Might I introduce the former Hingham Naval Ammunition Depot Annex. Say that five times fast. It’s such a beast of a name, most people just call it the Cohasset Annex after one of the town’s that it’s located in. During the early days of World War II, the area was purchased by the United States Navy to serve as a weapons depot and storage facility. It quickly became a staple of the local community, employing hundreds of workers and stationing many servicemen. The base served her purpose throughout the war as the main supplier of the US Navy’s Atlantic Fleet. She then closed down for a time following the surrender of Germany and Japan. But once the United States entered the Korean War several years later, the base was once again called into action. Unlike many other sites we’ve covered, the Cohasset Annex did not serve through the Cold War. As she was decommissioned in 1962. The land was then returned to the State of Massachusetts, and re purposed into the Wompatuck State Park.

Like so many of her fellow abandoned military bases, the Cohasset Annex is completely legal to visit and sits in the middle of a large state park. However, all of her old bunkers have either been filled in, demolished, or locked up after a series of alleged murders several years ago. We could only find one that was still standing, having been preserved by the local Boy Scout Troop. There is still plenty to see here, though. A short walk down one of the quieter trails leads you straight into the heart of the old base. Derelict fences and telephone polls still decorate the sides of the path. Large mounds of dirt where the old bunkers used to be rise up from the Earth. But most curiously are the wooden frames at the far end of the park. There are at least half a dozen of the massive wooden enclosures. Some have rotted into oblivion. Others are still standing quite strong. Given this area was the site of the missile launch pad, we are guessing that they all have something to do with that.

At the entrance to the launch pad trail stands what we have come to call “The Gatekeeper.” Her picture is above…Creepy, right? Almost all of the old military ruins are coated with the usual graffiti and such. No surprises there. Aside from the wooden structures, there are also a few buildings left behind here scattered across the vast coastal woodland. Though they are more off the beaten path, all of the buildings have clearly been built to last. They honestly reminded me a lot of Rhode Island’s Fort Wetherill in their construction and look. Far a long forgotten age, they all have a very dated and ghostly image. The elements have not been kind to them, yet none show much wear and tear. And, fortunately enough for you hikers out there, most of these buildings are marked on the map at the park’s Visitor Center. You can get inside all of them, but be sure to bring a flashlight. There is not much to see inside, but it still gets pretty dark. And watch your step.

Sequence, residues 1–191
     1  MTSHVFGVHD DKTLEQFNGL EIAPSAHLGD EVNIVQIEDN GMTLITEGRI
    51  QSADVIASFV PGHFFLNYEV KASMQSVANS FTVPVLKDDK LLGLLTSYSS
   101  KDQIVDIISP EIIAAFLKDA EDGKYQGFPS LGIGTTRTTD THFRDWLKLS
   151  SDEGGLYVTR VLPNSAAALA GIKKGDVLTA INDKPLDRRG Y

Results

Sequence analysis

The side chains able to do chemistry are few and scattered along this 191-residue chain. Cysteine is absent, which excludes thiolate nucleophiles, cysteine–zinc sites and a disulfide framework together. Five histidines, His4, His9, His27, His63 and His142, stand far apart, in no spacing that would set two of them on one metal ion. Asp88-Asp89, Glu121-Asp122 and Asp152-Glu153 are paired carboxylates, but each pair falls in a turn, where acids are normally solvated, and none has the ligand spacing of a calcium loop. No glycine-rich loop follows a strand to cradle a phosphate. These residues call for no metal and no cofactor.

As stated above, the Cohasset Naval Annex is not quite what it used to be. Many of the features that made this place unique have been lost to the pages of history. And for good reason. I was honestly a bit disappointed to not be able to get into the bunkers anymore. But after learning of their darker history, I completely understand why they had to be destroyed. Though this place may not be as exciting as it once was, it is still a good place to check out if you enjoy a little hiking. The Cohasset Naval Annex was once a proud warrior of World War II. Now, the old base still finds a way to serve her community. Just with a far different purpose. We ran into quite a few other hikers and adventurers on our journey. And yet most, save for the local track team, did not pay much attention to the old military buildings. To some, this place appears to be just another hustling and bustling state park. But even after all these years, the woods still can hold a few secrets.

Winter is Coming

The Abandoned Rocky Hill Quarry

Written by: Cobra

Photographs by: Lassie

Winter is coming. The leaves have fallen from the trees. The temperature has dropped. It started snowing on my ride into the studio this morning, which I was totally not expecting. If you’re not familiar with it, New England’s winter can be unpredictable and unforgiving. One day it will be beautiful, the next it will be brutal. Plus with the chaos of the holiday season fast approaching, things usually slow down for us a bit here at Abandoned Wonders. Winter is just not a great time for exploring. So we decided to get one last big adventure in before the outdoor season comes to an end. And what better place than the abandoned Rocky Hill Quarry?

Located in the nearby Rocky Hill, Connecticut, Quarry Park was a place I had never heard of. Credit to this find actually goes to onlyinyourstate.com, which is an excellent place to find fun hikes and places to visit. They recently included this park in one of their articles,  and being so close to us, we naturally had to go check it out. For years, Rocky Hill Quarry was a large and profitable business. But times change. Following the closure of the quarry in the 1950’s, the land was eventually rechristened as Quarry Park. With an excellent view of the town and a nice two-mile hike, it is well worth a visit. But it is what’s left of the old quarry that make this place interesting.